2012 BMW K1300 S HP Review
BMW’s K1300 S long-distance missile arrived on the scene in 2010, based on the previous K1200, but with a comprehensive list of upgrades. (See Neale Bayley’s review of that bike here.) The improvements were immediately apparent, with virtually seamless fuel injection replacing the patchy responses of the 1200, and with a transmission that shifted accurately every time.
Now BMW has an HP version of the same bike, with a stylish Akrapovic muffler decorating the right hand side, and with all of the normal K1300 S’s optional equipment lumped together under one (pretty substantial) $20,255 price. BMW is quick to point out that you can’t add all of the various items (ESA II electronically variable suspension, ABS, speedshift, tire-pressure monitor, traction control, trip computer) to the $15,555 K1300 S for the $4,700 difference in price.
The HP has race-style rearset rider’s footpegs and unique passenger pegs along with a distinctive HP-specific black, blue and white color scheme and expensive carbonfiber replacements for the front fender, the airbox cover, the clutch cover and the pillion seat cover, to identify it as a small-volume collector’s piece.
In addition, the bike comes standard with heated grips, and a paddock stand completes the list. The effect is pretty grand, and the bike’s comprehensive equipment levels are a welcome complement to a fast and stable long-distance express. Being able to switch from the comfort suspension position to either normal or sport while riding is a real benefit.
In comfort mode, the big (560 pound) machine makes short work of the superslab, eating miles effortlessly while affording the rider a comfortably upright riding position and pretty good protection from the wind. If you want to cover serious distance, the HP will do it. Even the tank is big enough to straddle hundreds of miles, holding all of five gallons.
Being a BMW, the bike’s suspension is unlike anything you’ll see on rival motorcycles. Up front is a Duolever system with dual trailing links mounted high in the frame, supporting an aluminum wheel carrier that does not telescope in the way conventional forks do. With a degree of anti-dive designed into the geometry, the K1300’s front end is remarkably stable and accurate in operation.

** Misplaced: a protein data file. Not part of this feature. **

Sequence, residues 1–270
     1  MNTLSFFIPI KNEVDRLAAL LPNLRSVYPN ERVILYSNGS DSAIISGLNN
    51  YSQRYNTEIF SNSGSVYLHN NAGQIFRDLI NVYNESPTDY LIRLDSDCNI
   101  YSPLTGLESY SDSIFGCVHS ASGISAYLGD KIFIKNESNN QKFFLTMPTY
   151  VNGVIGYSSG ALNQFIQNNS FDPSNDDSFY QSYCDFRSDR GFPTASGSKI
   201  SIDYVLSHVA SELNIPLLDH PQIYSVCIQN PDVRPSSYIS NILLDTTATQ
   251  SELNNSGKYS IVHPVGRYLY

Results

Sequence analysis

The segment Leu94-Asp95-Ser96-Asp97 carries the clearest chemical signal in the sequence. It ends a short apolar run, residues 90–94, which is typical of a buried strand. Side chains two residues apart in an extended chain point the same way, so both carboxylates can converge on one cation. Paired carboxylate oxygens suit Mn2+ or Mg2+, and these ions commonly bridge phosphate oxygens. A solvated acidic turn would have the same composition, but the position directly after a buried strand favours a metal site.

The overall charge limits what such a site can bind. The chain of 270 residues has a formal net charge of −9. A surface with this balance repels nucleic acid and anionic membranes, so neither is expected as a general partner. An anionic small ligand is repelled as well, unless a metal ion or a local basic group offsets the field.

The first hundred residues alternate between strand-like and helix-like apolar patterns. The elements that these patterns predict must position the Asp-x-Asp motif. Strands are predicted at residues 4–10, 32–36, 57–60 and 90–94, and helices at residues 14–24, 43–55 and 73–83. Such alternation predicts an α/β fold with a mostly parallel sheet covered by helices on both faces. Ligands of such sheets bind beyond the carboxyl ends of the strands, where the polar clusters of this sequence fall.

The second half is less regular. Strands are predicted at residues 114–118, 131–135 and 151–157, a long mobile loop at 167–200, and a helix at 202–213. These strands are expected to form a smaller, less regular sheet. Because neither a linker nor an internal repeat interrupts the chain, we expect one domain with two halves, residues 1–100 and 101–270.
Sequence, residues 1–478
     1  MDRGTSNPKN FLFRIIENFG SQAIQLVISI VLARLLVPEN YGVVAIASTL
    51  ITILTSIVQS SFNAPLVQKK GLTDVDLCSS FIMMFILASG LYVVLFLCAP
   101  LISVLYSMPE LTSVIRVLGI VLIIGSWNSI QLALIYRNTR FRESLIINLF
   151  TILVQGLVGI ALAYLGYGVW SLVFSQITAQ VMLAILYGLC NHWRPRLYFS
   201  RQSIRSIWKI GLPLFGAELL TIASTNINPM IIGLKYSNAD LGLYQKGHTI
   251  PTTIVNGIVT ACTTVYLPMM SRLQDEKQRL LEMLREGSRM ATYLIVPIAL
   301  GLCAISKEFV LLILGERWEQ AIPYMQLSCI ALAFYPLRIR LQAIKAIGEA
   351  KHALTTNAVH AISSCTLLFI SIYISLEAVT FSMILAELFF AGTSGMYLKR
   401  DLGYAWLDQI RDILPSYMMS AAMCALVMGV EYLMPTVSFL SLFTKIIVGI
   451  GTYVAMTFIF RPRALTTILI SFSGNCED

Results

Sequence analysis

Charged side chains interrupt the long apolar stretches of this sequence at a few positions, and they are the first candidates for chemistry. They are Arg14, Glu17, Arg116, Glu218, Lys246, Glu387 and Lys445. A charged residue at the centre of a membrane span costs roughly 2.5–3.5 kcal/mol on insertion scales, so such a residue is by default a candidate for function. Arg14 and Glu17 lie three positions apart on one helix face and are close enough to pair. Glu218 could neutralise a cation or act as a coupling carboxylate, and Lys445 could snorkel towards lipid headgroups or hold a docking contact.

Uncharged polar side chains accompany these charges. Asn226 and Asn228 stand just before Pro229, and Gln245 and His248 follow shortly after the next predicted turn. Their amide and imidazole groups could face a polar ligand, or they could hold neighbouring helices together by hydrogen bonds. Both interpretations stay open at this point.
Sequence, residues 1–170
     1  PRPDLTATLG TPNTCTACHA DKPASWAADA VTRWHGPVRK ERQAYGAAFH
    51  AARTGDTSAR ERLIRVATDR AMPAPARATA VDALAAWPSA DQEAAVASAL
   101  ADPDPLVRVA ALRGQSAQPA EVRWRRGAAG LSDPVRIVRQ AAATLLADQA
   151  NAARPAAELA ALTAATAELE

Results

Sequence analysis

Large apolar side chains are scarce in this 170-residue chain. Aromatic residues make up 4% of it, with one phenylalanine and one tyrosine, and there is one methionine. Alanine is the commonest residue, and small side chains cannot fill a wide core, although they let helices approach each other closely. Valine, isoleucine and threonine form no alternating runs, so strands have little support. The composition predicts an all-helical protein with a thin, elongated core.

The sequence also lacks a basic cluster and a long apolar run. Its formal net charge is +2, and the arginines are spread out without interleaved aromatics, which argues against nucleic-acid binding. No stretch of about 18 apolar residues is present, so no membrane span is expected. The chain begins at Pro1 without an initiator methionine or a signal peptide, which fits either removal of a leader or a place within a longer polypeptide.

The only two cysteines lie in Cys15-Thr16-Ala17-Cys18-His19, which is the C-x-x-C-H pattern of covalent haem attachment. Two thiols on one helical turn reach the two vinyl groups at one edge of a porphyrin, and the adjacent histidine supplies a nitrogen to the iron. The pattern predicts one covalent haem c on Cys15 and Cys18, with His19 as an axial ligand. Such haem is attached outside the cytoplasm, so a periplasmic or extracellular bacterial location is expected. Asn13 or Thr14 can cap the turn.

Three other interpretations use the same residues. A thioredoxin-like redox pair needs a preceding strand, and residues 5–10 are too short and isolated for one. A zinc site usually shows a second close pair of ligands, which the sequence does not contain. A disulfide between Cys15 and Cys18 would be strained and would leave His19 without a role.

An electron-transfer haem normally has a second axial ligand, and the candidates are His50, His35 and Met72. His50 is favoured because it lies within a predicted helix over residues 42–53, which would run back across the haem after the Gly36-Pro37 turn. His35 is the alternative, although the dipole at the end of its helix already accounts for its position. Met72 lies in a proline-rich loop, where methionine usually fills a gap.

Out back, BMW’s Paralever system counteracts the driveshaft’s tendency to jack and drop the rear end during acceleration and overrun, and handily disguises the type of drive system being used, while benefitting from all the usual advantages. With an extremely compact final drive hub, even unsprung weight effects have been diminished.
Add adjustable damping to the mix—along with fairly high-mount footpegs and plenty of ground clearance—and you have quite an athletic canyon carver on your hands. The long, 62-inch wheelbase and not-insubstantial weight make the handling deliberate rather than acrobatic, but the HP is a capable performer in the right hands.
And it has power. Rated at 175 horsepower at 9,250 rpm, with 103 pound-feet of torque at 8,250 rpm, the 1,293 cc inline four is flexible enough to render use of those high engine speeds mostly unnecessary. Sure, when you need a swift blast of acceleration, the HP will oblige in a highly satisfactory fashion. But there’s more vibration at the top end, and unless you’re on a track, you mostly don’t need that much thrust.
There were complaints about clunky shifting and occasional balkiness in early K1200 transmissions, but we never missed a shift on the HP. The action is decidedly mechanical, and (possibly because of how stiff the shaft-drive is in comparison to a chain) the selections can often be heard as metallic impacts. But you soon get used to it, as you do the gear assist (as BMW calls its speedshift), which makes full-throttle clutchless upshifts possible.
As you lift the shifter through its throw, there’s a pleasing race-carlike bark from the fairly uninhibited Akrapovic canister as the power is briefly cut, then resumed. As with many of BMW’s systems—like heated grips—you soon wonder why this is not on every bike out there.
But that’s what makes BMWs unusual. The company’s approach to design and execution is pretty unique. The result is a machine not like anything else in the market. We like that, particularly when the unique execution provides real user benefits.
It’s an expensive machine, no denying it. But as is so often the case, prolonged exposure to the HP’s charms produces a growing appreciation. That’s a critical part of the owner-machine interface, and goes a long way to justify the steep pricetag.
Beginner Riders should look elsewhere. This is a big, heavy, powerful machine, and even ABS, traction control and all the rest will not compensate for inadequate experience.
Intermediate Riders might consider this machine if they are limber, strong, and confident of their skills. The various rider’s aids will stand them in good stead in the event of clumsy control input.
Expert Riders will love the versatility this bike offers. Able to swallow many interstate miles between cities without producing much discomfort, the bike can then be set on Sport and made to unravel a challenging canyon road. Which it will manage with aplomb.